Two men each claim to be the prime minister. Lawmakers are exchanging blows in Parliament. Welcome to Sri Lanka, where the political crisis is getting worse by the week.
The trouble started when President Maithripala Sirisena, fed up with disagreements with his prime minister over money, an alleged conspiracy plot and unresolved issues of wartime crimes against civilians, fired Ranil Wickremesinghe and his Cabinet and replaced them with a government headed by a popular former strongman, Mahinda Rajapaksa. But lawmakers balked and twice passed a no-confidence motion. Sirisena, however, refuses to accept that his choice of prime minister has been defeated.
Wickremesinghe says his dismissal is invalid because he still holds a majority in the 225-member Parliament. The dismissal is also disputed because of a latest constitutional change, which lawyers say has taken away presidential powers to dismiss the prime minister.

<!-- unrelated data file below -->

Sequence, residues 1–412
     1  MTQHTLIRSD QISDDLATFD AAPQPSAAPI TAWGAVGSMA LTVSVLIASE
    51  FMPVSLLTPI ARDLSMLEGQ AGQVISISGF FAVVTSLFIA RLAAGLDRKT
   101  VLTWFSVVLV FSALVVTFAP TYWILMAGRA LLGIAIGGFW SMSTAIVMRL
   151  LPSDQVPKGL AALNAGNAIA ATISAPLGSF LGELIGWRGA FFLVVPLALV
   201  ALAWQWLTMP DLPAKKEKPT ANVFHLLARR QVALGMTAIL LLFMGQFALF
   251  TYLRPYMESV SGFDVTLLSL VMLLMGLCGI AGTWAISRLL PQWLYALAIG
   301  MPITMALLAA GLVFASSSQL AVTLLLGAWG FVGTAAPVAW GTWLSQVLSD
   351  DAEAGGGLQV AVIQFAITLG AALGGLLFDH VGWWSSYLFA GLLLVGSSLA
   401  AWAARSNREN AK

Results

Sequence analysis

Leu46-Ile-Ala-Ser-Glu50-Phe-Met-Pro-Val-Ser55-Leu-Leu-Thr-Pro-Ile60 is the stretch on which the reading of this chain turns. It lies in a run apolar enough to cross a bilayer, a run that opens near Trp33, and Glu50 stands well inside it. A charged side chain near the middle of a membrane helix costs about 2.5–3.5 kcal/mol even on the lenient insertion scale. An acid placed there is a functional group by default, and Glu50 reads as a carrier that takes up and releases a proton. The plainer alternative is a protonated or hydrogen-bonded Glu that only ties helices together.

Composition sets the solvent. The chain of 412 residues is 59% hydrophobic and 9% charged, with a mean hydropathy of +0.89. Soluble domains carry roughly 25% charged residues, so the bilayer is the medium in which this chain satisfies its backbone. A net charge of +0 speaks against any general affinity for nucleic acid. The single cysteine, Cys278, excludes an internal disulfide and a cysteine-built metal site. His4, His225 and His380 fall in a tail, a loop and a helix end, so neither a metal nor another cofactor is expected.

Despite all the drama and two rival prime ministers, life hasn't collapsed — thanks to the efficient bureaucracy that keeps the wheels of administration turning. Even though there is no Cabinet recognized by Parliament, and despite warnings by Wickremesinghe supporters that state officials should not take orders from Rajapaksa, bureaucrats continue to work with the president who is the chief executive and the ministers appointed by him, officials said on condition of anonymity because they are not authorized to speak to the media. However, decisions regarding new projects or purchases involving large sums of money are on hold. The absence of a recognized government has delayed the budget for 2019. Mangala Samaraweera, who was finance minister in Wickremesinghe's Cabinet, said that there will be no legal way of spending money in the coming year without a parliament-approved budget.